This is a preview of our feature on Eric Trine in upcoming issue 14.
For the last hundred years, Modernism has been synonymous with the Southern California experience. Two dominant population booms, post WWI and post WWII, saw the land being blanketed by minimal, ranch style cottages. GI’s just home with their check from the government packed up their cars and drove West, leaving Chicago, New York and Philadelphia for a tiny home with a white picket fence, lemon trees in the yard and a chance to grasp the American Dream. Manifest Destiny for sale.
In its contemporary application, Modernism has been upgraded from its stark European expat roots to incorporate the colors of a multicultural world. And no designer in Southern California better exemplifies this than Eric Trine. Part of the emerging Long Beach renaissance, Trine’s work is firmly rooted in the fundamentals of Modern design, but with the playfulness of a freewheeling artist who doesn’t approach design through a clinical lens. With an open-mindedness he compares to Buckminster Fuller and a Pantone spectrum bolder than a box of magic markers, Trine’s furniture and domestic objects can be found in stores, restaurants, coffee shops and homes across California and beyond.
Tell me about Amigo Modern. I know previously you were designing under Eric Trine, so tell me about how this transition came about?
Amigo Modern is a small design company where we design and produce our own line of furniture and home goods, but we also design for other people. One of the main reasons I never had a brand name is because I couldn’t think of one. So it’s just worked that everything was under my name and I have a unique enough name where it worked out well for Google ranking and things like that. My background is in sculpture and fine art and I transitioned into design, so everything was always linked to my name. Amigo Modern is a phrase that we tossed around the studio for the last couple of years as a descriptor of what we do. People would ask, “Hey you make furniture, cool. What kind?” I’d be like, “Oh it’s Modern.” Well what does that mean? So we needed to describe that and rather than saying “Oh it’s Modern THIS” we just are like “Oh, it’s Amigo Modern.” A friendly, casual, California-infused vibe. When people hear the word ‘modern’ they think high style, status, pretentious, cover of Dwell Magazine, inaccessible. The kind of philosophy of Modernism that I connect with most is the kind that is accessible, affordable, available, casual…doesn’t feel like status, it just feels like furniture.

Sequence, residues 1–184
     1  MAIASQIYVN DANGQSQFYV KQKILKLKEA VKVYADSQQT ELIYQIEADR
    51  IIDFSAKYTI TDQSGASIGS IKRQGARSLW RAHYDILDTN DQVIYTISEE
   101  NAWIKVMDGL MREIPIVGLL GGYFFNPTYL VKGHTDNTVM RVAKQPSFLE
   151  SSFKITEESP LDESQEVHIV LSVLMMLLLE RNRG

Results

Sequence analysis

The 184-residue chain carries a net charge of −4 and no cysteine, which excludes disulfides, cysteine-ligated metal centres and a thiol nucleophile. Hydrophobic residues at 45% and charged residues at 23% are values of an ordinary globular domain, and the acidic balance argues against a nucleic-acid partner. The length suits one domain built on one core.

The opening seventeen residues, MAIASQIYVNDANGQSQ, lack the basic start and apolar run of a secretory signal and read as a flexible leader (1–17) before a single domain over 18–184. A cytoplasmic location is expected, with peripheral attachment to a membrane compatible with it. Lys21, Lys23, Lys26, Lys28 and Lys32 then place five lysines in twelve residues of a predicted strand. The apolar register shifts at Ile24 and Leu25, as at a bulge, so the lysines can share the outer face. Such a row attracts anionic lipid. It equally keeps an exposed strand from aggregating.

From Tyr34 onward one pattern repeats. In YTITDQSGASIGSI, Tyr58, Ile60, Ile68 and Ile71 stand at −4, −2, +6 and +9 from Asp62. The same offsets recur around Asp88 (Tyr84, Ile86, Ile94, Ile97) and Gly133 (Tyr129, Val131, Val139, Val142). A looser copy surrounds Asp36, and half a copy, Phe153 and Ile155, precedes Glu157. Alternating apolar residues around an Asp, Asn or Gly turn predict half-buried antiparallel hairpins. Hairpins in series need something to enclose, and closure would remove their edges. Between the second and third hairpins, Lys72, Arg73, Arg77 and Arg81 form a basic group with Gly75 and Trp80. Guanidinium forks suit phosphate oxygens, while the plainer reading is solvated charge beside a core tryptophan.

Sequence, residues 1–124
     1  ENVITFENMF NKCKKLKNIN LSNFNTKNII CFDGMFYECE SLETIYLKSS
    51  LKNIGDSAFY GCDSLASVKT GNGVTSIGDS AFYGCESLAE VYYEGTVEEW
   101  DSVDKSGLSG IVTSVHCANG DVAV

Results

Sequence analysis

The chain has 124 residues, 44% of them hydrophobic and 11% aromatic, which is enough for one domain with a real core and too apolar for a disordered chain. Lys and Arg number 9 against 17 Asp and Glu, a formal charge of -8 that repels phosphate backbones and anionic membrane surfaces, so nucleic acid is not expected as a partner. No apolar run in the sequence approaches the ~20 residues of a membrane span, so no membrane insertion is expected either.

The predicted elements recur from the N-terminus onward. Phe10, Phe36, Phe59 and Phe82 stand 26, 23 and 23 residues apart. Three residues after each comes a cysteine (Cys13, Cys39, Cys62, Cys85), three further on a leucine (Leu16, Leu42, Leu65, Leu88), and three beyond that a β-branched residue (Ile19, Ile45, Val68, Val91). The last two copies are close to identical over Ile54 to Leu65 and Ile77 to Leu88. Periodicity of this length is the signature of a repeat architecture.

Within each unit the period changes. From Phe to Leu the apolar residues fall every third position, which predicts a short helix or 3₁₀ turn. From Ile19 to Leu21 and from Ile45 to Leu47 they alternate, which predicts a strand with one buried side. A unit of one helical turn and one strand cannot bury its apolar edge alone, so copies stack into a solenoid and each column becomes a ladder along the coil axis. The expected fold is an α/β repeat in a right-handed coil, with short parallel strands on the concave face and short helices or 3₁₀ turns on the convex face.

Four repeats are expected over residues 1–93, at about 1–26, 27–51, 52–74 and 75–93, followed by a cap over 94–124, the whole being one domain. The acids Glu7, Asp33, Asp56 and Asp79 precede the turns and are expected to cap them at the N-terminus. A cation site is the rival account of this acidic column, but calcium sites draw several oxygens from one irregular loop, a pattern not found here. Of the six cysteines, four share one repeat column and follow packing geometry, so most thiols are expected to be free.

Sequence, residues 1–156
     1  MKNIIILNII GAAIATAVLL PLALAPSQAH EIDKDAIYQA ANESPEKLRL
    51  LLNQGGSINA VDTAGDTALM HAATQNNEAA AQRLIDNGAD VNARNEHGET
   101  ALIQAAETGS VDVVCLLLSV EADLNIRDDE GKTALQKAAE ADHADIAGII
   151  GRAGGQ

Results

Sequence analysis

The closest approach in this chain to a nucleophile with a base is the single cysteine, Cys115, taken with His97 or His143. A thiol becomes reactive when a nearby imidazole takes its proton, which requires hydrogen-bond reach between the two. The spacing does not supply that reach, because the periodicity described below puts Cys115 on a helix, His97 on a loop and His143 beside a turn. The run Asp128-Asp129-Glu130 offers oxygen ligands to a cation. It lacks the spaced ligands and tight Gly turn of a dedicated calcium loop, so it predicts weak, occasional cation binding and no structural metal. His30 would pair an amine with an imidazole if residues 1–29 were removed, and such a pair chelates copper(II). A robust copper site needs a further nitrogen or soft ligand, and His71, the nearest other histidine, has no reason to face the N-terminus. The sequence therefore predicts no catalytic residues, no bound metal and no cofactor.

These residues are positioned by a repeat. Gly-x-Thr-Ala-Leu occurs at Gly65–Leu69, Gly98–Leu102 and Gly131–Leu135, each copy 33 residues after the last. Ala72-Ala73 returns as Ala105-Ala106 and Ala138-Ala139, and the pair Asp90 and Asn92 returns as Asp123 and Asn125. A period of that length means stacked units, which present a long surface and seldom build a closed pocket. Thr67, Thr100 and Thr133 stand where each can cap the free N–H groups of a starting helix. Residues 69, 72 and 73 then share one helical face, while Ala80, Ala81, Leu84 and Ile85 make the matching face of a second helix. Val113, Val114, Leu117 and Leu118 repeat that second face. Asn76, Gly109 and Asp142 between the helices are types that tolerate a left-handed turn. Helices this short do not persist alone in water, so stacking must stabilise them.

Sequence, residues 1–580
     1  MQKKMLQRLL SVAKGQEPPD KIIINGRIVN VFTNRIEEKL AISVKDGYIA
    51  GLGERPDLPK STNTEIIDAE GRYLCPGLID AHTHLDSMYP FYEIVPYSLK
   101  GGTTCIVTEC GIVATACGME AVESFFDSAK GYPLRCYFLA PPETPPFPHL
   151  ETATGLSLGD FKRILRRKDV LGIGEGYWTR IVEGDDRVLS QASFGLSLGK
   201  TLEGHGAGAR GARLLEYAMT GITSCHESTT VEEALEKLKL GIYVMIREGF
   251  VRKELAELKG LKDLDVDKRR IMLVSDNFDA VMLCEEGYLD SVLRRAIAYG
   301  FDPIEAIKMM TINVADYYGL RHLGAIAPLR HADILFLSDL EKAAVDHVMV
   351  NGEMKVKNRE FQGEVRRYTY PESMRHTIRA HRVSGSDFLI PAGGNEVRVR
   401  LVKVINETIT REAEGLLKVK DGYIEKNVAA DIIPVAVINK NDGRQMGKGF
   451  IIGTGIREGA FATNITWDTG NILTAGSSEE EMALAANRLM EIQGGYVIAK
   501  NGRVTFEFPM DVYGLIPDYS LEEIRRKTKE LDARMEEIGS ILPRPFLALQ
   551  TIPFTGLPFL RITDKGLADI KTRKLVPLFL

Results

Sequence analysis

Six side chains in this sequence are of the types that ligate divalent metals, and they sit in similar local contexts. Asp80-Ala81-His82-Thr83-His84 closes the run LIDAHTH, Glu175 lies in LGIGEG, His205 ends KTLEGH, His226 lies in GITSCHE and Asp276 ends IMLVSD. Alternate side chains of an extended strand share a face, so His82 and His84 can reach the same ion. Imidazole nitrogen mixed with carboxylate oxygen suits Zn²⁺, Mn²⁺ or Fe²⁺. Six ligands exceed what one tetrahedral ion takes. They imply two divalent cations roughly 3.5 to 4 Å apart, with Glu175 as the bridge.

Why do you think Modernism continues to capture the imagination of people, especially here on the West Coast?
It’s like a meta-narrative kind of thing; it’s just a big huge idea that we can keep chipping away at. It’s kind of like, “What is art? What is God?” It’s like these things, these ideas, these huge philosophies. We continue to investigate and go after them, redefine them for our time and I think that there’s an underlying ethos and philosophy that we can keep going after. I think there’s an optimism that’s associated with it. I think the tricky thing is that ‘modern’ is “of the moment,” so we can always go after “what is of the moment.” I think everywhere, in all the lines of the history of Modernism, someone added something to it. The Mid-Century Modernists were all about the middle class and, in a lot of ways, the working class. The Mid-Century Modernists were responding to the European Modernists who were trying to define a new aesthetic for the working class. American Mid-Century Modernists were very, “after the War middle class,” with the “getting America back to work” mantra and making use of new technologies. I think you can apply that directly to now. It might not play to the same aesthetic, but what are the challenges that we have? Sustainability, eco-materials, limited resources—it’s the same approach that the Eames brothers were taking by doing the best that they could with fiberglass as a material. So how do we do this without destroying the planet now? Because fiberglass destroys the planet, and it gives people cancer. I think it’s about optimism, hope and the future. I think it’s inclusive. I think the idea behind Modernism is inclusivity and I think we’ve kind of lost some of that. Amigo Modern is trying to bring that back to the forefront of the conversation.
For more from Eric Trine follow him on Instagram: @erictrine.
Photography by Sean Martin.